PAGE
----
The state Senate passed paid sick leave legislation with a veto-proof majority Thursday, just one day after Gov. Larry Hogan promised to veto it.
This is the fifth consecutive year state lawmakers have introduced a paid sick leave bill, but the first time it has passed the full Senate. Last year, it died on the last day of the General Assembly’s 90-day session.
“We’re really excited to see that a bill’s moving forward,” said Liz Richards, director of the Working Matters Coalition, the lead advocacy group that has been fighting for the measure. “Working Matters, our coalition of 160 faith, labor, community groups and businesses have been fighting for this for years, so this is a huge victory.”
Earlier this month, the House passed a different version of sick leave. The main difference between that bill and the one the Senate passed Thursday is that the House bill requires businesses with 15 or more workers to give full-time employees at least seven paid days off a year. The Senate cut that to five.
That and other changes, such as how soon after starting a job workers can take a sick day or when employers can require a doctor’s note, were meant to buffer the bill’s impact on small businesses.
But during Thursday’s floor debate, Senate Minority Leader J.B. Jennings said the changes aren’t enough.
“Just because somebody owns a business, they’re not a millionaire,” he said. “These smaller companies, the last person to get paid is usually the owner. … After they pay their employees’ paychecks, everything else, at the end of the day, if they have any money, they take it home. Most don’t make much money.”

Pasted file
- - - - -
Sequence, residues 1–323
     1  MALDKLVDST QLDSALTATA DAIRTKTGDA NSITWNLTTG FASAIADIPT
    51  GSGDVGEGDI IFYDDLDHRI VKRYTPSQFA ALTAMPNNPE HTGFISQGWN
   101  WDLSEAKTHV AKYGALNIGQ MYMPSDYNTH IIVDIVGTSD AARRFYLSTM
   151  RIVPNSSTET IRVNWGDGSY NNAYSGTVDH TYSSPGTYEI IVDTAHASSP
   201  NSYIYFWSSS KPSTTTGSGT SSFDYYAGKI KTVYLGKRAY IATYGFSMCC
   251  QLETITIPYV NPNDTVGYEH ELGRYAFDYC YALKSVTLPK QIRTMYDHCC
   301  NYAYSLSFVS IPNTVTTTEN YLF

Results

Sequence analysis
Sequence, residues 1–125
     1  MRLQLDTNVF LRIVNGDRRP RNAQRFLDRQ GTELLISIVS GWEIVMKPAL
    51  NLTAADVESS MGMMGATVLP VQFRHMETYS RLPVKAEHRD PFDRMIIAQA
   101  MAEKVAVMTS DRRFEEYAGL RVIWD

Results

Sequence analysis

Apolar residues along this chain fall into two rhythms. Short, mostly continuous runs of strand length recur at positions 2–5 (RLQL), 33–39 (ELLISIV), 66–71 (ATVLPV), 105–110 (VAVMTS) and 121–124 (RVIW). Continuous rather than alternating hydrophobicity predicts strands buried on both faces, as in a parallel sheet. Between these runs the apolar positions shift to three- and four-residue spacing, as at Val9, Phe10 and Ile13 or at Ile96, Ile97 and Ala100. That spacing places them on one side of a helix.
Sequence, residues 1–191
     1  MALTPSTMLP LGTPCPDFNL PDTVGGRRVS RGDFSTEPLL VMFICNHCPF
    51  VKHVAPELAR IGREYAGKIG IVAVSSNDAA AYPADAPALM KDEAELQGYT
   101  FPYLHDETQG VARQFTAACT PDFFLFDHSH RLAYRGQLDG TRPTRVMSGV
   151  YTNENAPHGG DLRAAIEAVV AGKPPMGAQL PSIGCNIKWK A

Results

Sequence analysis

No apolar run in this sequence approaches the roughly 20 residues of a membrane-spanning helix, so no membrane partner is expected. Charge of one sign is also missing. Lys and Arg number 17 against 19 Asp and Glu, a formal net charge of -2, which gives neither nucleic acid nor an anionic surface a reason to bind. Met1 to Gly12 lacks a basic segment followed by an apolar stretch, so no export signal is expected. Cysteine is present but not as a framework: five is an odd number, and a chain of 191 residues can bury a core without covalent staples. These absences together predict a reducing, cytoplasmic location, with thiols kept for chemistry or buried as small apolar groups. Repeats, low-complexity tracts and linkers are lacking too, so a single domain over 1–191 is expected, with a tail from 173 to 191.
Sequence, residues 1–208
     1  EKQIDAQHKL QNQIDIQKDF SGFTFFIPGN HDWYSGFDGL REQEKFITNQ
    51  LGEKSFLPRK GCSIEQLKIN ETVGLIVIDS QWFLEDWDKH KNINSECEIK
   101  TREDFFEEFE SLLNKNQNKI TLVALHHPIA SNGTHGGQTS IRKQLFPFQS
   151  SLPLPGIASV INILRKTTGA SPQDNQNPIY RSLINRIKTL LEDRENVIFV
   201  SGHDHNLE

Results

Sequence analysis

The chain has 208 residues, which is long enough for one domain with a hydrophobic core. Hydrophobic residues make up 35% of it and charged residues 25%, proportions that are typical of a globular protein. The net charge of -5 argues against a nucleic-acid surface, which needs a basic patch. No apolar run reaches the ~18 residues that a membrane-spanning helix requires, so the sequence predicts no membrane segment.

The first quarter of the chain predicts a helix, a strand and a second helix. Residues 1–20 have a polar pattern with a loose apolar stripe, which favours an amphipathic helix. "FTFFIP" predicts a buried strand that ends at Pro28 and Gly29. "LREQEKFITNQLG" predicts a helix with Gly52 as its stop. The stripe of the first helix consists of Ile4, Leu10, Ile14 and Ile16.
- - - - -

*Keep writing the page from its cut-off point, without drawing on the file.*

Other opponents of the bill — mostly Republicans — said it could increase the prices of local products and services or cost the state jobs.
But supporters said paid leave will prevent people from going to work sick or from sending their kids to school sick.
Sen. Victor Ramirez, a Prince George’s County Democrat, said his mother has long preached the benefits of paid leave.
His mother used to rub Vicks VapoRub, a gel intended to treat coughs, all over her body, he said, explaining that, “in my family, Vicks works for everything,”
“She said, ‘You used to ask me why am I putting Vicks all over my body, why did you put Vicks all over?’” Ramirez recalled on the Senate floor. “She said, you know, ‘When I used to leave in the morning and you used to see me putting Vicks, morning and night, it’s because of that — because there was times when I wish I could have stayed home, and I couldn’t.’ And I said, you know, ‘But why?’ She said, ‘Because if I didn’t go to work, two things would happen: I wouldn’t get paid or I would lose my job.’”
The bill the Senate passed now moves on to the House. Meanwhile, the House’s version had a hearing in the Senate Finance Committee on Tuesday. Either the House or the Senate has to pass the other’s version, or legislators will work out differences in a conference committee before the bill goes to Hogan.
And Hogan doesn’t like either version.
“If either of these job killing bills reaches my desk, they are dead on arrival,” he said Wednesday during a press conference. “I will veto them immediately.”
Not so fast, said Senate President Mike Miller.
“We had 29 votes here on the floor of the Senate, so they might not be dead at all,” he said. The body needs 29 votes to override a gubernatorial veto.
The House also passed the bill with more than enough votes to override a veto.